Oscar Week Begins!

Oscar prognosticating is the bread and butter here at Kinematoscope, but the late-game reversal of fortune in the race has sapped my enthusiasm for it this year.

So instead of the month-long Oscarthon, we'll have an abbreviated Oscar week, with some longer posts leading up to the ceremony. Today, some technical awards!

Best Sound Editing

Inception- Richard King (2/3)
Toy Story 3- Tom Myers (0/2), Michael Silvers (1/5)
TRON: Legacy- Gwendolyn Yates Whittle (0/1), Addison Teague (0/0)
True Grit- Skip Lievsay (0/3), Craig Berkey (0/2)
Unstoppable- Mark Stoeckinger (0/2)

Since it bears repeating every year, this category pertains to the creation of sound effects, mostly. So it's the guys making footsteps on foley stages and recording elephants to stand in for aliens, and so on. The consensus seems to be that any time there's an actiony blockbuster with critical respect, it takes it- last year The Hurt Locker broke this rule, but since Inception fits the bill and is still a huge underdog for other awards, it seems like an easy walk for their soundpeople this year.

I can't argue- they did have to decide what Paris folding in on itself would sound like, after all. Repeat viewings make the scene where everything explodes for no reason seem like shameless Tech-baiting, as well.

Best Sound Mixing

Inception- Lora Hirschberg (0/1), Gary Rizzo (0/2), Ed Novick (0/2)
The King's Speech- Paul Hamblin (0/0), Martin Jensen (0/0), John Midgley (0/1)
Salt- Jeffrey J. Haboush (0/1), William Sarokin (0/0), Scott Millan (4/7), Greg P. Russell (0/13)
The Social Network- Ren Klyce (0/2), David Parker (2/5), Michael Semanick (2/7), Mark Weingarten (0/1)
True Grit- Skip Lievsay (0/3), Craig Berkey (0/2), Greg Orloff (1/2), Peter Kurland (0/2)

The Susan Lucci of the season is Salt's Greg P. Russell, now on his fourteenth nomination without a trophy to show for it- he was partners for a long time with current record holder Kevin O'Connell (0/20). But no one's giving Salt an Oscar, get real- it's one of the few nominees for anything that I haven't seen, because it sounds ridiculous (if competently made).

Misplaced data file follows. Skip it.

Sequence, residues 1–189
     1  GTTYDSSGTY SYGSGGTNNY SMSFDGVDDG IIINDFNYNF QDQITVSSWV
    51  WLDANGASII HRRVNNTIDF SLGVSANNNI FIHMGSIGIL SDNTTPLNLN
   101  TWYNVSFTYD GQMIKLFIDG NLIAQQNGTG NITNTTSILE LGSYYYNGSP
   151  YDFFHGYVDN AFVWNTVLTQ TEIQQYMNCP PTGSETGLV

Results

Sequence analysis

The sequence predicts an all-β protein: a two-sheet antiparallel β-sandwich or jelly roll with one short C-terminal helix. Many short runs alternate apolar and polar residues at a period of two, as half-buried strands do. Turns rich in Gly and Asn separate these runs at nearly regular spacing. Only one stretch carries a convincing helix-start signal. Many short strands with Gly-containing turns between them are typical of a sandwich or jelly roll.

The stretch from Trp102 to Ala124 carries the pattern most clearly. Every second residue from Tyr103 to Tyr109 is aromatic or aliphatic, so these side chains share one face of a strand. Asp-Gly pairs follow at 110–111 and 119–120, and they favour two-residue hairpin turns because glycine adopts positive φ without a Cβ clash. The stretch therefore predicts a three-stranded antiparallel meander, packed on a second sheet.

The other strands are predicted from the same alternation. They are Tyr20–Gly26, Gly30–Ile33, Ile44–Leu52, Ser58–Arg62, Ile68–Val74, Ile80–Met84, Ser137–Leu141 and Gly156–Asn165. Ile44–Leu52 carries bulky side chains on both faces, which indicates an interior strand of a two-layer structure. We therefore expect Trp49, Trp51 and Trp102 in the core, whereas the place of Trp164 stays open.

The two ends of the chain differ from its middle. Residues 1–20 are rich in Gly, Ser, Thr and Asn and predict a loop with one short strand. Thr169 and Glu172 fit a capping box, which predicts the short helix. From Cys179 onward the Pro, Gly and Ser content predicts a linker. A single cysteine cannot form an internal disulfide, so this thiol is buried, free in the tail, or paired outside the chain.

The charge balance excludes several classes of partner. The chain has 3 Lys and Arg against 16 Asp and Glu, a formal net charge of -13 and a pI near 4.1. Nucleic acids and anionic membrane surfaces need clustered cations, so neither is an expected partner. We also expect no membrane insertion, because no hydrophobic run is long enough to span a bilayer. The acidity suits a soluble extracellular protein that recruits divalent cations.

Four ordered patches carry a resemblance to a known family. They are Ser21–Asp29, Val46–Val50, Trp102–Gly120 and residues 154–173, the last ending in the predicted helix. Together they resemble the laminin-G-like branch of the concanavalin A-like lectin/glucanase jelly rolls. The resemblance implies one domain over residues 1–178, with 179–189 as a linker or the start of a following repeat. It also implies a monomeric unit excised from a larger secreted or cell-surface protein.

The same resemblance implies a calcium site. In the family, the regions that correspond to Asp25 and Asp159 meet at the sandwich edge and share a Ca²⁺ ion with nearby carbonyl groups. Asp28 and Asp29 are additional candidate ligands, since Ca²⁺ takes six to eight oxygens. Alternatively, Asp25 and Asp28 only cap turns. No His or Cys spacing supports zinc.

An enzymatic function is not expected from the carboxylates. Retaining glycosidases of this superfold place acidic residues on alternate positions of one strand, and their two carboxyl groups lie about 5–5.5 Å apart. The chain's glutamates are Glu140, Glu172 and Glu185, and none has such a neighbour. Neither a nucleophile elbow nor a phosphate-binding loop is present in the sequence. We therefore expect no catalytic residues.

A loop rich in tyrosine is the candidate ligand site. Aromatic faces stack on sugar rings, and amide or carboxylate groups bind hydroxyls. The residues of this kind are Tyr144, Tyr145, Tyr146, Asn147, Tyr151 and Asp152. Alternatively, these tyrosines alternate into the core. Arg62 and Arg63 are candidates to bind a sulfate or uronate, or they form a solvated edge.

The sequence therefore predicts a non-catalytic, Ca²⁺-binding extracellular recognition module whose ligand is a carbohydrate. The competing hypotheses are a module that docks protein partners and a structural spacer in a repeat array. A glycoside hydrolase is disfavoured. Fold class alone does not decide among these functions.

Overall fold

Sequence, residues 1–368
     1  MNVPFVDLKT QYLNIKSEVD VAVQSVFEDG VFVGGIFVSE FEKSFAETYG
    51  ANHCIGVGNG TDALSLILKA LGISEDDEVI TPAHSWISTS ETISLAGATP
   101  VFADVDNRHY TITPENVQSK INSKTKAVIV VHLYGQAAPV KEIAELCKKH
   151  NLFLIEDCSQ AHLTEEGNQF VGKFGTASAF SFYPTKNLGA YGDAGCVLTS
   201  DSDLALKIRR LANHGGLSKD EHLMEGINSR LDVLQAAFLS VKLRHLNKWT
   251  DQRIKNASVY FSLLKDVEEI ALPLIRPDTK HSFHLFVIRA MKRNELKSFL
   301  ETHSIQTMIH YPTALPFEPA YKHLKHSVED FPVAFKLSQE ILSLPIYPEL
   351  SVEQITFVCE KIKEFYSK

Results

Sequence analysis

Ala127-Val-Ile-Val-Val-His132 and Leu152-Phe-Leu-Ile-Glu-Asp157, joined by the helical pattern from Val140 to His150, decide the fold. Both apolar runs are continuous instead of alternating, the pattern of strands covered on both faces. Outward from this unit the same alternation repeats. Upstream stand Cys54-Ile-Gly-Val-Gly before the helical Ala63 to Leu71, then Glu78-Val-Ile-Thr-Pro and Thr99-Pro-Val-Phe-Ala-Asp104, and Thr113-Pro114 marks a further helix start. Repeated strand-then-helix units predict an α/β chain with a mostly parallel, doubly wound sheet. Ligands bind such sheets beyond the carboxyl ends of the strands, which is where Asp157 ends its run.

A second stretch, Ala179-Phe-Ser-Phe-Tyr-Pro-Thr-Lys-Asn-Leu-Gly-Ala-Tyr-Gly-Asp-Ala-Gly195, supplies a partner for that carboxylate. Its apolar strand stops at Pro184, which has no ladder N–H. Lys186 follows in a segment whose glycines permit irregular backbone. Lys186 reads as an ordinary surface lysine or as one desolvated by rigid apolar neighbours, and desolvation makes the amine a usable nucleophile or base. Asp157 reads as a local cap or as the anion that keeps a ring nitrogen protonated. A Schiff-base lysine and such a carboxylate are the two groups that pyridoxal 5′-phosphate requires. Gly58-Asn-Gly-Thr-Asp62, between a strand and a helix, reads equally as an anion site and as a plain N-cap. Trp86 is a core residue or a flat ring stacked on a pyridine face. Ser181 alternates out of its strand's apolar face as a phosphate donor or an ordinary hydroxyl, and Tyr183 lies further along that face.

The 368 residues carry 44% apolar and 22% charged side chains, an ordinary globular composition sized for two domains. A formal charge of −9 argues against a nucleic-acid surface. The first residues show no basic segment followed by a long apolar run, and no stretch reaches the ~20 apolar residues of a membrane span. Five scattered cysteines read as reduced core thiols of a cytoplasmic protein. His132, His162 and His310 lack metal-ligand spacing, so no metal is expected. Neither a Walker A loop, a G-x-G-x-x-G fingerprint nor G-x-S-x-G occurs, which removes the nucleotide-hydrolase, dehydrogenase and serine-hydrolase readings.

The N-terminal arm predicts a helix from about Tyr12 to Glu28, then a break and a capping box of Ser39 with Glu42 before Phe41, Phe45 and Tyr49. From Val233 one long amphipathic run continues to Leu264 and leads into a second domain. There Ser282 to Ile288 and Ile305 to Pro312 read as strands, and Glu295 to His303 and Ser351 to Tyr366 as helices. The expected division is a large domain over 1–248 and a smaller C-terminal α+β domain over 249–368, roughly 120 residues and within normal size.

Inception looks primed to win here as well- bear in mind I've gotten both of the sound categories wrong for three straight years, though. Mixing, in particular, seems harder to predict, because the two front runners for Best Picture have elbowed their way into the field. I can think of no compelling argument for The King's Speech, sonically, but The Social Network has the much heralded scene in which Eisenberg and Timberlake have to shout a long, complex conversation over the din of a nightclub (see above). That could draw some votes.

Best Visual Effects

Alice In Wonderland- Ken Ralston (4/6), David Schaub (0/0), Carey Villegas (0/0), Sean Phillips (0/0)
Harry Potter & the Deathly Hallows: Pt 1- Tim Burke (1/2), John Richardson (1/4), Christian Manz (0/0), Nicolas Aithadi (0/0)
Hereafter- Michael Owens (0/0), Bryan Grill (0/0), Stephan Trojansky (0/0), Joe Farrell (0/0)
Inception- Chris Corbould (0/1), Andrew Lockley (0/0), Pete Bebb (0/0), Paul J. Franklin (0/1)
Iron Man 2- Janek Sirrs (1/1), Ben Snow (0/3), Ged Wright (0/0), Daniel Sudick (0/3)

I'm not sure if the expansion to five nominees will make this category easier or harder to predict. In any case, recent history has provided us with one slam-dunk nominee to choose every year, except for the year they reminded us that quantity does not equal quality by dismissing Transformers. This year the showiest, largest effects picture is also the lone BP nominee, so Inception will take this one easily- my favorite part is that the most memorable effect, in this age of CGI trickery, was the old-school spinning hallway fight, achieved by simply rotating the entire set.

So mark this one down in pen, not pencil. Inception is on pace for a sweep! Also, I highly recommend the VFX featurette embedded above for the criminally-snubbed TRON: Legacy, because not only is it neat, but it eschews the usual talking heads and the "Let's Explain What The Film's About, Even Though Anyone Who Cares Enough To Watch This Already Knows" nonsense common to featurettes.

Best Documentary Feature

Exit Through the Gift Shop
Inside Job
Waste Land

Best Foreign Film

In a Better World
Outside the Law

These will be the only two categories in which I haven't seen all or most of the nominees, because I just don't watch enough documentaries and the foreign films take forever to get here. As notable as Banksy's street-art campaign in LA for Gift Shop has been, I'm betting on the timelier and indisputably not staged Inside Job to take it. Maybe the director will also wear a gorilla mask, just 'cause?

And Foreign? Who knows? In years of going on the record, I've only gotten this category right once, and that was on an easy, Holocaust-based call (The Counterfeiters). I feel pretty confident that the only one I have seen, Dogtooth, is too crazy to win, and also that Biutiful will lose simply for being the recognizable one that we all expect. Susanne Bier's In a Better World will also be a popular choice, given her name recognition, so nay on that. I'm going with Outside The Law- it's a period piece, which breaks the tie with Incendies.

Thus concludes part one. Stay tuned for more predictions. I promise not to pick with my heart this year.

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